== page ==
20. August 2012 16:37
I have had a long time interest in Machine Learning. I can trace this mostly back to some influential people in the Metro Milwaukee area who are, as nearly as I can tell, no longer blogging. I had written a few simple things in the past, but wanted a more formal education, so I went old school and started buying books. The first one I picked up is this one:
While I don't know Python, I figured I could pick it up easily while I read the book and learned the more common algorithms. In a way, I was right. Except for some interestingly terse syntax in the Python math libraries it's easy enough for a C# developer with experience in other languages to follow. The way the author has chosen to structure data, though, makes for some brain-twisting translation issues. Lists-of-lists-of-trees-of-dictionaries-of-lists-of-matrices* might be easy to type into Matlab, but it makes for a poor mental model when attempting to describe and understand new concepts. The book has been very useful, however, and I've gotten through k Nearest Neighbor, Decision Trees, and Naive Bayes classifiers so far. I intended to keep reading the book, but also to supplement it with other material to in case I need a reality check on any algorithms in the future.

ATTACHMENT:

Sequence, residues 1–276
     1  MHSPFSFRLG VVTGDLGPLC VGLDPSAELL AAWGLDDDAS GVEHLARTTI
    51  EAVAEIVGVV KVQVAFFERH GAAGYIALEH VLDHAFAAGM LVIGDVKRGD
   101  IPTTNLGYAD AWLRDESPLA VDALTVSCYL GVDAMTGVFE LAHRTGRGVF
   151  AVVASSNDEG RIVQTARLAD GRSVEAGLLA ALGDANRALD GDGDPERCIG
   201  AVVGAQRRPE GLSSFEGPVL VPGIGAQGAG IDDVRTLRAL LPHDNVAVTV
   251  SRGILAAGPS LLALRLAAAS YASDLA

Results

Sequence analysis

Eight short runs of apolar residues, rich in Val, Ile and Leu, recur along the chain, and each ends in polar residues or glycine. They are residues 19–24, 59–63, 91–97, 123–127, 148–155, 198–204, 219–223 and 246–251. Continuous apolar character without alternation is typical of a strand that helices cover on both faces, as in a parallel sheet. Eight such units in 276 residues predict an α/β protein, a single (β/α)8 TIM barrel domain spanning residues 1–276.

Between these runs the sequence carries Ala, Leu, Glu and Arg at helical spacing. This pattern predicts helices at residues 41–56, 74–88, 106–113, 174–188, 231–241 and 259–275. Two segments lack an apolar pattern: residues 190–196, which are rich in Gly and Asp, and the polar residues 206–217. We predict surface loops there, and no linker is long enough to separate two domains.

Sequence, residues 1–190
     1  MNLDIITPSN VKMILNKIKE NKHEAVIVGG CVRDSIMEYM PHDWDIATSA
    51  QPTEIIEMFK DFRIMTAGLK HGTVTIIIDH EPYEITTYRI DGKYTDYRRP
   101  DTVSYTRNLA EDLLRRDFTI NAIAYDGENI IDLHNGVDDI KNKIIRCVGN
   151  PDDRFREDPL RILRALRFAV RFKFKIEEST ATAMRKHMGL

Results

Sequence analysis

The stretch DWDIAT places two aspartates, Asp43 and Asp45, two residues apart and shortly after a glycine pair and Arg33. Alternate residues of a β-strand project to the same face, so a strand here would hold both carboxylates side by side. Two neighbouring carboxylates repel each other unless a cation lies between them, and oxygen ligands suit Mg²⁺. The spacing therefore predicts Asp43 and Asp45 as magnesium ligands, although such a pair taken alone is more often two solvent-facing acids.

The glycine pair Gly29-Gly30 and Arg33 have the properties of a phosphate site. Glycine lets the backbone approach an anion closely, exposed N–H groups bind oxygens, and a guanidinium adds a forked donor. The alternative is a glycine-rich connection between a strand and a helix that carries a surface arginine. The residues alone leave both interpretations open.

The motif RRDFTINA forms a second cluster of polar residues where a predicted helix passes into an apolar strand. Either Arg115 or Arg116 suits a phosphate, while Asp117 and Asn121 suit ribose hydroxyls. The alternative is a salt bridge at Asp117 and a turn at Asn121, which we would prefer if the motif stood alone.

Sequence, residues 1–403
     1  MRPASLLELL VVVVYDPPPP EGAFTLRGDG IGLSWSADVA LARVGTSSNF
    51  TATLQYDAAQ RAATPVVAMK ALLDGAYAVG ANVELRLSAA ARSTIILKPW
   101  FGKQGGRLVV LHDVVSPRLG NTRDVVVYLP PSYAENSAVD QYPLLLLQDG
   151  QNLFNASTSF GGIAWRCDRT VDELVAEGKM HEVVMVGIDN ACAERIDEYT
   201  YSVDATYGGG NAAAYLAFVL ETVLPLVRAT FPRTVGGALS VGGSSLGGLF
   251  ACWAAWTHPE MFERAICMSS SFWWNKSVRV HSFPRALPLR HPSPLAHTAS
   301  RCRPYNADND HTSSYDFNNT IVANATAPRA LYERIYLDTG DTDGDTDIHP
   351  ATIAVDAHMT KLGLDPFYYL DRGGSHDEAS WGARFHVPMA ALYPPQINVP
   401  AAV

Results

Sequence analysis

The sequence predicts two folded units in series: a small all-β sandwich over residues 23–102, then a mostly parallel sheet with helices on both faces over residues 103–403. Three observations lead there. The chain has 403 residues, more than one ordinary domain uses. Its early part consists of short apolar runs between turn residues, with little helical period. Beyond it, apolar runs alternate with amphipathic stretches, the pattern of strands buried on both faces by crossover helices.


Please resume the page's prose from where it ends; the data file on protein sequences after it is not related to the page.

Also, in a post in the near future, I'll show the model I've developed to work with this kind of data.
* That would be List<List<Node<Dictionary<int,List<Matrix<double>>>>>> in case you were wondering. And, yes, I'm being a little unfair but hyperbole is fun.